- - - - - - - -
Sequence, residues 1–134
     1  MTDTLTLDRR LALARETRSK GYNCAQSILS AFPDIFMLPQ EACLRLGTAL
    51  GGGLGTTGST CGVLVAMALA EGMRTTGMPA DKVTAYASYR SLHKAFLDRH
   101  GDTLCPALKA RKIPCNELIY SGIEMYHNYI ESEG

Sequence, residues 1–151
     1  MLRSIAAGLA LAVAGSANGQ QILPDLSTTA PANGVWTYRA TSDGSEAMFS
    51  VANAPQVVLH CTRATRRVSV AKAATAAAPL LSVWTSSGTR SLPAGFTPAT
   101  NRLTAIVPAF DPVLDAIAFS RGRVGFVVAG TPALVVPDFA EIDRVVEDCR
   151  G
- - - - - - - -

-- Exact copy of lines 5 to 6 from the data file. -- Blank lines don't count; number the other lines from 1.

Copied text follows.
Sequence, residues 1–151
     1  MLRSIAAGLA LAVAGSANGQ QILPDLSTTA PANGVWTYRA TSDGSEAMFS